The success of the Common Reed has another collaborator: the ongoing manipulation of coastal areas and wetlands by humans. Numerous scientific papers and management documents cite the correlation between the establishment and spread of Phragmites to nutrient inputs (such as sewage and fertilizer use) and exposed soil due to developed shorelines: roads, railroad beds, agriculture, and even mosquito ditches. Cleared edges provide opportunities for this plant to spread into interior marsh areas; heavy machinery can even unwittingly spread roots to new sites.
What can be Done?
The Common Reed has led more than one scientist to conclude that its eradication is unlikely. But that does not mean that it cannot be managed, and there have been successful efforts to eliminate smaller-scale populations. The state of Connecticut has been controlling Phragmites since 1997 with the objective to reduce the extent of stands in brackish and freshwater tidal wetlands. Their methods include restoring the flow of salt water into previously impounded or restricted areas, particularly along the coast, by replacing undersized culverts and tide gates, and using a combination of herbicides and mowing for three successive years on state-owned marshland. Private contractors have also recognized the opportunity to provide control efforts, although strict guidelines and licensing are required to work with herbicides.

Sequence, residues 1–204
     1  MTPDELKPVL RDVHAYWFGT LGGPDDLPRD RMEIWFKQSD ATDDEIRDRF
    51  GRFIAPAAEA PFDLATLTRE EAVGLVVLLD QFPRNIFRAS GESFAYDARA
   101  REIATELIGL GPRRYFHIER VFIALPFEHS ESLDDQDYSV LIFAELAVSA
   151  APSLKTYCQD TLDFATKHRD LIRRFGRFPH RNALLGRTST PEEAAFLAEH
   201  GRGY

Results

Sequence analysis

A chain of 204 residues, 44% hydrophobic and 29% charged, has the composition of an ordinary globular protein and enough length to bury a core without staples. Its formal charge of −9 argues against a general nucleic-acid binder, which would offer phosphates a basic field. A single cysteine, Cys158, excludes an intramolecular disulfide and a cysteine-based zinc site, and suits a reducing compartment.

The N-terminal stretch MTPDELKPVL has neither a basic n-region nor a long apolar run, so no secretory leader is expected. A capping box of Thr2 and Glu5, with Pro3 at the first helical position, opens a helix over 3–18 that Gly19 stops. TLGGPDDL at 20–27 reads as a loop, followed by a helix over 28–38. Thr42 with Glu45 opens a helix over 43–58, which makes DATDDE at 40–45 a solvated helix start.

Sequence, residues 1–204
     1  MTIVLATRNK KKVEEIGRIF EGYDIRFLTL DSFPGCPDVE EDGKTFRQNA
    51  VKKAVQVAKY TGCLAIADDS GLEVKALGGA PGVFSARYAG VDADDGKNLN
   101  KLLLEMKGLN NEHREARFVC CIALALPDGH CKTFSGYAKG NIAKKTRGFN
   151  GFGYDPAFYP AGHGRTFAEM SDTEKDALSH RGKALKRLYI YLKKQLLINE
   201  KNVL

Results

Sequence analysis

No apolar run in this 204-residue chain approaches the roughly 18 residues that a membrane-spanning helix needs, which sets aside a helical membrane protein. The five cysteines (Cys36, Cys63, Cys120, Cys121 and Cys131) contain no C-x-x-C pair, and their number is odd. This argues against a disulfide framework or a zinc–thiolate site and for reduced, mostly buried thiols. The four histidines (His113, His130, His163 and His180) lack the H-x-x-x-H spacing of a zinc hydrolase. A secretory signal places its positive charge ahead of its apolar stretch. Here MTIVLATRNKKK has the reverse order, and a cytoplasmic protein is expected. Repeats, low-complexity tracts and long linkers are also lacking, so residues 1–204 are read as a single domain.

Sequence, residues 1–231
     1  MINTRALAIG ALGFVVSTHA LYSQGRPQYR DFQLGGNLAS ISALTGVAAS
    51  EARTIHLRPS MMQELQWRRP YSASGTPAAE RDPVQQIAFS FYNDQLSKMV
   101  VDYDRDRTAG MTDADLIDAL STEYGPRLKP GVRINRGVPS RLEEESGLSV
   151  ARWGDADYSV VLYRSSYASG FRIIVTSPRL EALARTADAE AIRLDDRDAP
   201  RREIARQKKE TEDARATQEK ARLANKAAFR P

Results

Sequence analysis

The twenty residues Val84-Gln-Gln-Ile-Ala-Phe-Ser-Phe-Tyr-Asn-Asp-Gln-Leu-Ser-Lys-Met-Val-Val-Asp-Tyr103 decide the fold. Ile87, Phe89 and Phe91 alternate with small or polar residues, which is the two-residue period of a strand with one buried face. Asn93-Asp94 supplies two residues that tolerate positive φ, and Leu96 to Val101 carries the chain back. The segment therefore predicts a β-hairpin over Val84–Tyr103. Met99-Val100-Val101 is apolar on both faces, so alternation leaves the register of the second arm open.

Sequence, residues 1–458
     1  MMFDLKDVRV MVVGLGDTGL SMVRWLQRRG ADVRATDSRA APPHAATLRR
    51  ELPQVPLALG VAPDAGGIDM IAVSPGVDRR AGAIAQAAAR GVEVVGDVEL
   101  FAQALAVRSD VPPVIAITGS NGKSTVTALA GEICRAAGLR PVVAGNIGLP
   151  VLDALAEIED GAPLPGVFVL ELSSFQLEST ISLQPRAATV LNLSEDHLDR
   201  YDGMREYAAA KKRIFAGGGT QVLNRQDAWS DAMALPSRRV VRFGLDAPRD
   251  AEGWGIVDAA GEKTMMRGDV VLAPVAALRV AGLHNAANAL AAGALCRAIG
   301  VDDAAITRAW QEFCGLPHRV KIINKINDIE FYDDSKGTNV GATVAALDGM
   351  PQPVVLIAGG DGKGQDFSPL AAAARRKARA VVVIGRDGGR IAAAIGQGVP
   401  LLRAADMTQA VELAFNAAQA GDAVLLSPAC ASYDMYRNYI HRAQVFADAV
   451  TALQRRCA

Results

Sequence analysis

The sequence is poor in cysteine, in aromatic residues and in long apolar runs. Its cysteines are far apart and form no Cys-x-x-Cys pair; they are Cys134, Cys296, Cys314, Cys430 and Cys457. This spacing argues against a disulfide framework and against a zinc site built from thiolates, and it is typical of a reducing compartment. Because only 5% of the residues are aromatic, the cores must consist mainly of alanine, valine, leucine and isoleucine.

Effective control requires targeting the right portion and at the right time in the population’s life cycle, notably directed to the rhizomes in the late fall when the plant has put most of its energy underground. Multiple stressors are most effective, over a minimum of three years, and follow-up management is essential. Scientists and practitioners continue to investigate the potential for finding natural or carefully introduced, usually insect, predators to control this plant biologically. Although there are over 25 insect herbivores that feed on Phragmites in North America, none have as yet emerged as serious candidates for widespread control.